Property Of The Week: 22A Date Court, Sandy Bay, TAS
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Property Of The Week: 22A Date Court, Sandy Bay, TAS

A mid-century modern masterpiece in Hobart’s elevated suburbs.

By Terry Christodoulou
Wed, Jul 14, 2021 2:55pmGrey Clock < 1 min

Set in a private cul-de-sac, and offering spectacular views of the River Derwent and calming bushland vistas through its coveted northerly orientation comes this brand new residence of mid-century modern design influence

The secluded residence sees 3-bedrooms, 2-bathrooms and 3-car parking spread across a 646sqm plot.

The home’s elevated aspect affords it stunning views which is enjoyed through multiple double glazed doors and windows – including the full length of the main living area.

The double glazing brings natural light into the open plan living space which sees a designer kitchen complete with quartz benchtops, Tasmanian oak cabinetry and appliances by Neff, Miele and Liebherr. Concealed is a butler’s pantry.

Also in the living quarters comes in-slab hydronic heating (to complement the double glazing), terrazzo flooring, automated electric blinds to the main living area and a study nook.

Elsewhere the home’s accommodation consists of three double bedrooms – the master complete with ensuite and full-size robe.

Further the newly planted, bird-attracting native garden heightens the home’s verdant, peaceful surrounds.

The home is 3km from Hobart CBD, or 7 minutes by car and is nearby to Sandy Bay’s Newbiggin Promenade, museums and more.

The listing is with Steve Yannarakis (0419429423) of St Andrews Estate Agents. Offers over $1,450,000. Standrews.estate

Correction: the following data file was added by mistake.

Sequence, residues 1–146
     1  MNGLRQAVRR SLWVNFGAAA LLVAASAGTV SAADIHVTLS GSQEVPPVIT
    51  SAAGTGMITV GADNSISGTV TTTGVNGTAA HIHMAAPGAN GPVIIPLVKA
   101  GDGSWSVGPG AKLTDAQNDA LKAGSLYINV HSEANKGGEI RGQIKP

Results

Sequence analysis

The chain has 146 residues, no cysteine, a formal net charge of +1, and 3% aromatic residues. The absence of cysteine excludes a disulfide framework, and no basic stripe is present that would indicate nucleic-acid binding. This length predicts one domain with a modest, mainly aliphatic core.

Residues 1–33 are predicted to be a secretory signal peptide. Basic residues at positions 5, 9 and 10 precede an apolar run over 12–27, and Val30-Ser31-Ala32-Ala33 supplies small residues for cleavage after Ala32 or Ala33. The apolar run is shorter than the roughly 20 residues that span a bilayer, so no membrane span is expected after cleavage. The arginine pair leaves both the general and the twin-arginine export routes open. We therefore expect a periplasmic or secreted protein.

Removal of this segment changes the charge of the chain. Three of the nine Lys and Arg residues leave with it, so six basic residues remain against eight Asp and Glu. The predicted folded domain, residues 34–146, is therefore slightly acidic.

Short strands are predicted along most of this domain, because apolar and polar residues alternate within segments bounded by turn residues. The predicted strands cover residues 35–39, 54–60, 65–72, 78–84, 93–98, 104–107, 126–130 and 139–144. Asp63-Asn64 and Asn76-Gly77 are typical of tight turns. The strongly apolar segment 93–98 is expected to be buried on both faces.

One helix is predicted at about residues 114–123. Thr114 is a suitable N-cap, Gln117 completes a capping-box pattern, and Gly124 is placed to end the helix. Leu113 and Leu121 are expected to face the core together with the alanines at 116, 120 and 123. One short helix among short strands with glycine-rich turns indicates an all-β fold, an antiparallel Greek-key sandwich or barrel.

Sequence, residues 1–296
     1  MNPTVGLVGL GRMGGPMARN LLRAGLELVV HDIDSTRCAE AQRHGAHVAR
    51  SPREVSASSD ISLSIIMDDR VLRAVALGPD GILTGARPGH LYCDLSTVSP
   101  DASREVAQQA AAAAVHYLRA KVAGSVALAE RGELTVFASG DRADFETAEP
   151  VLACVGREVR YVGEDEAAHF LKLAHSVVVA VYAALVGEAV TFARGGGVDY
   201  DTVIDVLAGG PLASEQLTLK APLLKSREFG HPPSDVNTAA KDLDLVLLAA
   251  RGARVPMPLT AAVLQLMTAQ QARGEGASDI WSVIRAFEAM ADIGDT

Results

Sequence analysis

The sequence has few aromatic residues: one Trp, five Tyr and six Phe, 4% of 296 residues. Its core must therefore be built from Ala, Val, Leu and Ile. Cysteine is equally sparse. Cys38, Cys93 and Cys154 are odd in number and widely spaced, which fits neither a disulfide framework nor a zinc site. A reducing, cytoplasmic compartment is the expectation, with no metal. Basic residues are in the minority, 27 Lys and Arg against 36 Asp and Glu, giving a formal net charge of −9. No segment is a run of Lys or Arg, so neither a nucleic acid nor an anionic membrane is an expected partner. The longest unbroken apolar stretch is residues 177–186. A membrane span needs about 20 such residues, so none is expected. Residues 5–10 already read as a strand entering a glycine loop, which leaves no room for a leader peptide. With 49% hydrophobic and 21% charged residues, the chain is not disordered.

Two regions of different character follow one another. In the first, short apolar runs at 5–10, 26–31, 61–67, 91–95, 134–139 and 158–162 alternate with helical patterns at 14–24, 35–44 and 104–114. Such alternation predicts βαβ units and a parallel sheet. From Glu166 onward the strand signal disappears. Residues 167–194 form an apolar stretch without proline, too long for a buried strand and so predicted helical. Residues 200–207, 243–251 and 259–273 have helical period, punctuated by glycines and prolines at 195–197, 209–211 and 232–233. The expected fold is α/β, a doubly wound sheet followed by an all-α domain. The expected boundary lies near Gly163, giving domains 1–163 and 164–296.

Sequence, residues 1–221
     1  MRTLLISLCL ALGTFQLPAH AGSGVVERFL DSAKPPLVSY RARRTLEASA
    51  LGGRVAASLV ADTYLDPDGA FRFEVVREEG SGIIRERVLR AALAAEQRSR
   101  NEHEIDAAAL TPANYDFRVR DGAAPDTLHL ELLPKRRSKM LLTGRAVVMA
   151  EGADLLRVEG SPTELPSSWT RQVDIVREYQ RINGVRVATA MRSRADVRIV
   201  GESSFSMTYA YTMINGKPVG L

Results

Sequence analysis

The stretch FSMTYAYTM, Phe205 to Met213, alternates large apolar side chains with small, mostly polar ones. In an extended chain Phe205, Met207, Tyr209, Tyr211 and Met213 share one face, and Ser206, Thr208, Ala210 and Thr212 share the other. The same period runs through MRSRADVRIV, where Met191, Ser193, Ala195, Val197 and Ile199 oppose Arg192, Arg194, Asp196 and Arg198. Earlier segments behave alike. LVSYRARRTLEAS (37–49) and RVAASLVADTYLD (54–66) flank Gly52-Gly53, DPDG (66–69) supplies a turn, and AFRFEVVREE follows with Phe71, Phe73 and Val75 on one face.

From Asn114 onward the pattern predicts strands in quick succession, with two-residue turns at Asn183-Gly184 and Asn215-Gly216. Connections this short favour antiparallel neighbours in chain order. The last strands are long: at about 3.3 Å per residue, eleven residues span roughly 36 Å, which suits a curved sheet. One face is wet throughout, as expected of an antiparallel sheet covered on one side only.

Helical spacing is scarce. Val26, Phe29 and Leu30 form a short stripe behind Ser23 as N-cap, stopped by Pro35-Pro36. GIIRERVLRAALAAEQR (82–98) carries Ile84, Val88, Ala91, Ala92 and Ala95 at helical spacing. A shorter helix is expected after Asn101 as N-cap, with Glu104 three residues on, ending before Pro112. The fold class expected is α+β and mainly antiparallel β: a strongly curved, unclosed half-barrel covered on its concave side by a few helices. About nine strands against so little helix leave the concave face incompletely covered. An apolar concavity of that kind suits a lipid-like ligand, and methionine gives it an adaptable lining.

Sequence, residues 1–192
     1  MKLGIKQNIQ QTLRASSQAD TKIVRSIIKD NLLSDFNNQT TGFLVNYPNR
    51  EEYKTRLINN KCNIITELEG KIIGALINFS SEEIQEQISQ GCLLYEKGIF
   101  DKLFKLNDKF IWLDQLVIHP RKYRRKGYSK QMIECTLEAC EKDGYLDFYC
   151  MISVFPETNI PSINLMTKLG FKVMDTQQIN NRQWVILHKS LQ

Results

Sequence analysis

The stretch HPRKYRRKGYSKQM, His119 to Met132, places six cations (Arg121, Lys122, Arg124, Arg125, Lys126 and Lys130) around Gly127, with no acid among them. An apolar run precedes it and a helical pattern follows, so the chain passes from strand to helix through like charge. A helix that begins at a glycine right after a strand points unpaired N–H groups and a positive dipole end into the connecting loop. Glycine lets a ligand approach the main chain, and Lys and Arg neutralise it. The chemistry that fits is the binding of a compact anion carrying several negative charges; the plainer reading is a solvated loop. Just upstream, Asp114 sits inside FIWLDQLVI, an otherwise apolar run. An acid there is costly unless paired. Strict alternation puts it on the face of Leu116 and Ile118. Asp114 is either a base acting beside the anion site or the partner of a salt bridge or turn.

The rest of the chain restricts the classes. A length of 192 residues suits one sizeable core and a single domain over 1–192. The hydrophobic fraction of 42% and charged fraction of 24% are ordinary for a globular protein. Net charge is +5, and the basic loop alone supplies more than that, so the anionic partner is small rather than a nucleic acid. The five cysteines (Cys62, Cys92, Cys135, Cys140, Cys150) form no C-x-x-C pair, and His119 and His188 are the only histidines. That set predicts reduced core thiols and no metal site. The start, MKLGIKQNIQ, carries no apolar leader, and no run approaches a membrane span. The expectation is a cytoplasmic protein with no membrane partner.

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Thousands of Australian companies on the brink of going into administration as EOFY nears

Along with high inflation and weak consumer spending, there’s another key factor pushing a record number of businesses to the edge

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More than 10,000 companies are expected to have entered external administration by the end of the 2024 financial year, a level not seen for more than a decade. Data just released by the Australian Securities & Investments Commission (ASIC) shows 1,245 companies became insolvent in May, the highest monthly number this financial year. At present, a total of 9,988 businesses have gone bust in FY24 with data from June yet to be finalised.

Deloitte Access Economics Partner David Rumbens said the surge in business insolvencies this year was a “clear sign of economic distress”.

He commented: “[ASIC] predicts that by the end of the financial year, the number of companies entering external administration will likely exceed 10,000 – a level not seen since 2012-13, in the aftermath of the Global Financial Crisis (GFC).”

Mr Rumbens said the elements contributing to this year’s surge in insolvencies include high inflation and interest rates, weak consumer spending, and the commencement of more proactive tax debt collection activities by the Australian Taxation Office (ATO).